I'm very critical of the sloppy way in which many of the discussions about 'cyber war' have presented the issue.
Read the report Cyber war and Cyber Power: Issues for NATO Doctrine that I wrote for the NATO Defence College at
I hope the following will help clarify the discussion; :
1) For the US and Canada, their allies, and NATO, cyber war as the focus of concern is a misnomer; the real or potential use of cyber power by nations or terrorist groups should be the principle focus. Cyber war is just one outcome of the exercise of cyber power betwee nations.
To draw an analogy from naval thinking, since the writings of Alfred Mahan, sea power rather than naval war has been the preferred strategic frame of reference for the projection of state power on the oceans. Like 'naval war', cyber war conjures up legal, policy, military, and diplomatic considerations that inappropriately narrow the scope of relevant issues. Cyber space is better thought of as a new theater for states to exercise cyber power and not just to conduct cyber war.
In nuanced ways perhaps not yet seen, cyber power can involve both the projection of state power as well as the creative use of active defenses, all in concert with other military, diplomatic, information and economic tools. The projection of cyber power with both offensive and defensive elements must be a component of national and NATO security doctrine for the future.
2)In large-scale warfare it doesn't make much sense to launch disruptive cyber attacks without any 'kinetic' (bombs and bullets) accompaniment. In other words, I totally disagree with the scare-mongers who predict a full scale cyber war waged only with computers. Disruptive cyber attacks can destroy important data and disrupt communications, and perhaps seriously affect physical operations like transportation and the management of large scale networks like electric power. But even now major electric blackouts or communications systems failures are not unknown, and yet advanced countries manage to carry on. While the impact of cyber attacks may be hard to gauge in advance -- a consideration of concern to the attacker every bit as much as to those attacked -- the effect of disruptive cyber attack is to throw sand in the gears.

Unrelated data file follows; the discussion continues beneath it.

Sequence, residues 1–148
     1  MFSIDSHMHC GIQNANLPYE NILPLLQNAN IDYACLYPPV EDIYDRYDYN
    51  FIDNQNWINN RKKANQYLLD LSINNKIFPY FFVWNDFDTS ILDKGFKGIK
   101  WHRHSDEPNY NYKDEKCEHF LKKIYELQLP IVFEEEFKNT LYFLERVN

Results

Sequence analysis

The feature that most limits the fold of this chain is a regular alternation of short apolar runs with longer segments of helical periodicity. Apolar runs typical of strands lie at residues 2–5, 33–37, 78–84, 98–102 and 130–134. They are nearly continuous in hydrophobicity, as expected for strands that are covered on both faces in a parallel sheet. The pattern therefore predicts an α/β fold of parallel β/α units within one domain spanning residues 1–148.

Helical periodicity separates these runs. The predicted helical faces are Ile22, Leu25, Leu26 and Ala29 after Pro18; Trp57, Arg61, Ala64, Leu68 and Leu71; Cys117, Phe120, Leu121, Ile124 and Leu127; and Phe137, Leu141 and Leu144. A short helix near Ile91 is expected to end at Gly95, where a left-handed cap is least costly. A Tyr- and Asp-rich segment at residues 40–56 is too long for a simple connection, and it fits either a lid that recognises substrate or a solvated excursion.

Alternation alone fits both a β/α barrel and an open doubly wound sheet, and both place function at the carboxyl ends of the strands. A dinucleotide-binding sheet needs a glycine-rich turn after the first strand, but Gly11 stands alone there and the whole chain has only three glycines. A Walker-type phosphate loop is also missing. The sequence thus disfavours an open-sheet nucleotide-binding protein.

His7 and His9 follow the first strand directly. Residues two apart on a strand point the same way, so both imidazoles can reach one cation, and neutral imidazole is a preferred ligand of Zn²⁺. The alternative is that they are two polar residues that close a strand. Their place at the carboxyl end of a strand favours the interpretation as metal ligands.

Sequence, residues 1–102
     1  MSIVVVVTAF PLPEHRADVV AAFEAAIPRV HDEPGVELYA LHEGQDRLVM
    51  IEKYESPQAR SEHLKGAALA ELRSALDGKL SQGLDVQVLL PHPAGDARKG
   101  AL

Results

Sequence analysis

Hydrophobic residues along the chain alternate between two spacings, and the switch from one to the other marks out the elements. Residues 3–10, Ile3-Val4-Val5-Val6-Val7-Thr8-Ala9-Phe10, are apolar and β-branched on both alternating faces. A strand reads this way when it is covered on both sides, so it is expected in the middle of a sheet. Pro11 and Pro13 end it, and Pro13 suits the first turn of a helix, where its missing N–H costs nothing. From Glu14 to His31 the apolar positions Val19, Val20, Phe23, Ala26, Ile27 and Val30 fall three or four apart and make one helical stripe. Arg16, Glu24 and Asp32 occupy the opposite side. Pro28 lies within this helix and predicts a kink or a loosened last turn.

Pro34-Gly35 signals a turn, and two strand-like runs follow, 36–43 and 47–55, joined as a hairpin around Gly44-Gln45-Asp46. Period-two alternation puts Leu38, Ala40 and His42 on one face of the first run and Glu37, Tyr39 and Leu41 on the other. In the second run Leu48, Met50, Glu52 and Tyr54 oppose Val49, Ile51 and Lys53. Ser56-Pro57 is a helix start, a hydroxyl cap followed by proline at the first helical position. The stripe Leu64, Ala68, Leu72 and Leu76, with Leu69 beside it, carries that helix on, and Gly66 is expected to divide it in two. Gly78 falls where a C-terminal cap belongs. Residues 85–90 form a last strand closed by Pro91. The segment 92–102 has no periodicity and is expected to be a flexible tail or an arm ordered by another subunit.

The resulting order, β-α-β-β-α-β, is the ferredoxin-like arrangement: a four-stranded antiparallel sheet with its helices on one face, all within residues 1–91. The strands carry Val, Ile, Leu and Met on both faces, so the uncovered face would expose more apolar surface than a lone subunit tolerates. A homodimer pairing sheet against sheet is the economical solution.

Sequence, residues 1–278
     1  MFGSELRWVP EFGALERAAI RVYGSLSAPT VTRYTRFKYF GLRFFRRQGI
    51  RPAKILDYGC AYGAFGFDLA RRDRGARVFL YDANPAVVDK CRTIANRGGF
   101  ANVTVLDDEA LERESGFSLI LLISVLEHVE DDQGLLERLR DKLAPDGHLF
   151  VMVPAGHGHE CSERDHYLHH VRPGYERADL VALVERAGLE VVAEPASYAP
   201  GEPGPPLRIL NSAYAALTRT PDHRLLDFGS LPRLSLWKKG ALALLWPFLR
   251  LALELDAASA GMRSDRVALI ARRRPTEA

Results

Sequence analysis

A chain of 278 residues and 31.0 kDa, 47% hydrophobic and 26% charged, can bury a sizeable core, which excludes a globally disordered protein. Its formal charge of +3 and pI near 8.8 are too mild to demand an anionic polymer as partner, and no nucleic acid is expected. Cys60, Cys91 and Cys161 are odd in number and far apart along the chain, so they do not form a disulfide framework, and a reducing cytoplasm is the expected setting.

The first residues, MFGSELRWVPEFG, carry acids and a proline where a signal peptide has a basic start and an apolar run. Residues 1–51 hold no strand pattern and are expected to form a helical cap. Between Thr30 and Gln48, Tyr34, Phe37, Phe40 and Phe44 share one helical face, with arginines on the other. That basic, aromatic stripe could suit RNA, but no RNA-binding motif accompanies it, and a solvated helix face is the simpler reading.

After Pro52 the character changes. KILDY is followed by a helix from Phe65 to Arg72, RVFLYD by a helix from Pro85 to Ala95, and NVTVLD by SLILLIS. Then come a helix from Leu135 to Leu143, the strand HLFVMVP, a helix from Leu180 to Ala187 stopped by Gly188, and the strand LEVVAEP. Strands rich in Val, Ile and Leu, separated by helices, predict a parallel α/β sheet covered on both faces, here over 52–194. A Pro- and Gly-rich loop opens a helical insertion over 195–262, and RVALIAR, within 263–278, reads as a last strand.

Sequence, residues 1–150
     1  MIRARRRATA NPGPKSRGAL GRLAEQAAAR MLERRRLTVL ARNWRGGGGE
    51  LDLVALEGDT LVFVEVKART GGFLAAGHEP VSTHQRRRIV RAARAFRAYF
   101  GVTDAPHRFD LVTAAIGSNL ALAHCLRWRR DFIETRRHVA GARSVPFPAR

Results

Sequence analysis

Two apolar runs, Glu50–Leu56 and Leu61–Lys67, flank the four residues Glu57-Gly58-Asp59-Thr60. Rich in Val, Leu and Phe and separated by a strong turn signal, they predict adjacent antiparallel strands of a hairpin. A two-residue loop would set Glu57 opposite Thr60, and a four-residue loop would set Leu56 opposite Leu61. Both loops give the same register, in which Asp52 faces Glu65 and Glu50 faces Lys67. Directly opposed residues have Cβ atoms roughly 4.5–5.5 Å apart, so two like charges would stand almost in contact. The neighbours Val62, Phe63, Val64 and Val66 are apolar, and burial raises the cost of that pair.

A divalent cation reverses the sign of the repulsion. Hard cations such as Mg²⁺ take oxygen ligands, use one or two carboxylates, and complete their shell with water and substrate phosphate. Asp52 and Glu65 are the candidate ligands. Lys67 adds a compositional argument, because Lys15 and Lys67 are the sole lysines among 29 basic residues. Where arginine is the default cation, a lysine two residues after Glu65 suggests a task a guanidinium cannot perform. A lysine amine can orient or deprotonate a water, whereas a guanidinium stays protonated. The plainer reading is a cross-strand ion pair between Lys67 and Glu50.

The November 2010 issue of Scientific American recommends reading Creeping Failure.
From the book's cover:
The Internet is often called a superhighway, but it may be more analogous to a city: an immense tangle of streets, highways, and interchanges, lined with homes and businesses, playgrounds and theatres. We may not physically live in this city, but most of us spend a lot of time there, and even pay rent and fees to hold property in it.
But the Internet is not a city of the 21st century. Jeffrey Hunker, an internationally known expert in cyber-security and counter-terrorism policy, argues that the Internet of today is, in many ways, equivalent to the burgeoning cities of the early Industrial Revolution: teeming with energy but also with new and previously unimagined dangers, and lacking the technical and political infrastructures to deal with these problems. In a world where change of our own making has led to unexpected consequences, why have we failed, at our own peril, to address these consequences?
Drawing on his own experience as a top expert in information security, Hunker sets out to answer this critical question in Creeping Failure. Hunker takes a close look a the "creeping failures" that have kept us in a state of cyber insecurity: how and why they happened, and most crucially, how they can be fixed. And he arrives at some stunning conclusions about the dramatic measures that we will need to accomplish this.
This groundbreaking book is an essential first step towards understanding the Internet in a larger context as we try to build a safer Internet "city." But it also raises issues that are relevant far outside the online realm: for example, how can we work together to create not just new policy, but new kinds of policy? Creeping Failure calls for nothing less than a basic rethinking of the Internet -- and of how we can solve problems together.